Oni Chukwu of AfricaPlan Foundation
Oni Chukwu founder and global chairman of AfricanPlan Foundation

Technology has spurred the rapid digitisation of industries, and now, with technology, employees can work remotely and sync up with their teams virtually. These remote work opportunities have opened up the job market to everyone with a skill to offer. Currently, tech jobs are in high demand, and Nigerian youth are turning to this industry to seek employment. With a high unemployment rate in Nigeria, unemployed graduates need to acquire in-demand tech skills to help them thrive in the global job market. To acquire these skills, most unemployed and underemployed graduates turn to the Internet. However, because Nigeria is a country with one of the highest poverty rates, learning is too expensive for a lot of youth willing to learn. 

Paid courses and books cost a lot, especially for recent grads who aren’t working yet. The internet has tons of free learning resources, but using them requires data, which is costly too. Even Laptops, which are much-needed learning tools, are unaffordable for most Nigerians. Many generous and charitable organisations have sprung up to help provide access to tech training, but with the costs attached to learning, these trainings are still inaccessible. To solve this problem and enable access to decent economic opportunities for young Nigerians, AfricaPlan Foundation has created  a fully -funded residential scholarship programme named HackathonAfrica.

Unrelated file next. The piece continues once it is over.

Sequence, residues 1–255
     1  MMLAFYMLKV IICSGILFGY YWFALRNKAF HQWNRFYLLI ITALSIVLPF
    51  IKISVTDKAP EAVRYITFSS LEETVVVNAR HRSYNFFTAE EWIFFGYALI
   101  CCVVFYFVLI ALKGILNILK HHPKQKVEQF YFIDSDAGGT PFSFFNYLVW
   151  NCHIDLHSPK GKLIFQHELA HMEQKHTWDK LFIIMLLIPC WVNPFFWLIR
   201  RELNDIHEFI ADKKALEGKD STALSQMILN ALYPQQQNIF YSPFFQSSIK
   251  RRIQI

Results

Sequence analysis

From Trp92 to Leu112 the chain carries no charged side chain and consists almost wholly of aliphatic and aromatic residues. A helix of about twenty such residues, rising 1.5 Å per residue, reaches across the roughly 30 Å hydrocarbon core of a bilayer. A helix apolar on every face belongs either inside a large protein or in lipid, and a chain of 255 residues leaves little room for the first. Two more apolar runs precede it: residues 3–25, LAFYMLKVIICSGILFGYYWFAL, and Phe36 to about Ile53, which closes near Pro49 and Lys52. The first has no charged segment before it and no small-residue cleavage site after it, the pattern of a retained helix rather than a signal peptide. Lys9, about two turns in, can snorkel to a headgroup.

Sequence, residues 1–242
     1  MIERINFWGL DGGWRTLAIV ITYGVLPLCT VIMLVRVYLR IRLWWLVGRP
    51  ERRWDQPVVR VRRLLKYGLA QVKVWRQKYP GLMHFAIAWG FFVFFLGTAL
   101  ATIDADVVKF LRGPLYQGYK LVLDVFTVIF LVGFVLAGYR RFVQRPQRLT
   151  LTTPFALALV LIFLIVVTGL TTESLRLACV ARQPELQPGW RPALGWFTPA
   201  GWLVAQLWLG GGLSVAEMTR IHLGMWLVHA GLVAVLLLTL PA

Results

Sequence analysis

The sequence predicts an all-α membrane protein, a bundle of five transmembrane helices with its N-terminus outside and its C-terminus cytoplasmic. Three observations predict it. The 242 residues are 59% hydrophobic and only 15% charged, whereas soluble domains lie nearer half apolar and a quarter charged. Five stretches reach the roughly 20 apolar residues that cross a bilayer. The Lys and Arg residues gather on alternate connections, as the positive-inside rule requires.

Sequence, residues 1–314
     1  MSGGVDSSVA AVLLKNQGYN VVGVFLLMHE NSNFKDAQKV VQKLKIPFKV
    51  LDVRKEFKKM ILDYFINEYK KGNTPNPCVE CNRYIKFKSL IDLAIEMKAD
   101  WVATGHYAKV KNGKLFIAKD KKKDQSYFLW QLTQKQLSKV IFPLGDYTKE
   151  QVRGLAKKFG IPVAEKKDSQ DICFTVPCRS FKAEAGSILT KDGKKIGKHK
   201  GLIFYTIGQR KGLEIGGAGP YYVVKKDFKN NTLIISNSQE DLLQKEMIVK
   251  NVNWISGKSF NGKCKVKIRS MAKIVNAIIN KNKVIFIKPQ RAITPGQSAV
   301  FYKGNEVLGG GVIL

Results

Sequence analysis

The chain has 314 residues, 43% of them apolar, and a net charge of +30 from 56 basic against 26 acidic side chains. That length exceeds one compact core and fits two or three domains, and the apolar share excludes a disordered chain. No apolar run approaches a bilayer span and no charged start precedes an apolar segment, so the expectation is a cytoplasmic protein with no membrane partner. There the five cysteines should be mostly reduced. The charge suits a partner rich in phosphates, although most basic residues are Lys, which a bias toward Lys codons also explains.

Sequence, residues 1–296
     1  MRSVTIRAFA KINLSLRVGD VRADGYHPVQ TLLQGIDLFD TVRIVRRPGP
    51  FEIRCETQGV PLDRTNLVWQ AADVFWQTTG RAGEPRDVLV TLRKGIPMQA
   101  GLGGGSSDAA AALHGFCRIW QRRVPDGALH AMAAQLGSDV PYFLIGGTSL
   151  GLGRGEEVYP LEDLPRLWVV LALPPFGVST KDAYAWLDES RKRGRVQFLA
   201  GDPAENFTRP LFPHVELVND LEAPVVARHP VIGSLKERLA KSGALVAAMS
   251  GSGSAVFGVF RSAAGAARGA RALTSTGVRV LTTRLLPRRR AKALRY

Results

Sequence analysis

HackathonAfrica is a fully-funded tech bootcamp offering a dynamic three-month immersive training experience designed to transform college graduates into proficient junior web developers. This program is designed to take beneficiaries from training to internships and, eventually, job placements. The programme is run on a comprehensive curriculum combining project-based and hands-on learning to ensure participants acquire essential, in-demand technical and soft skills. This rigorous training equips graduates with the knowledge and capabilities necessary to excel in today’s fast-paced technology landscape. HackathonAfrica is entirely sponsored by AfricaPlan Foundation, and this sponsorship includes accommodation, meals, technical facilitation and instructions, and every other need. Students are also paid a stipend for their miscellaneous expenses.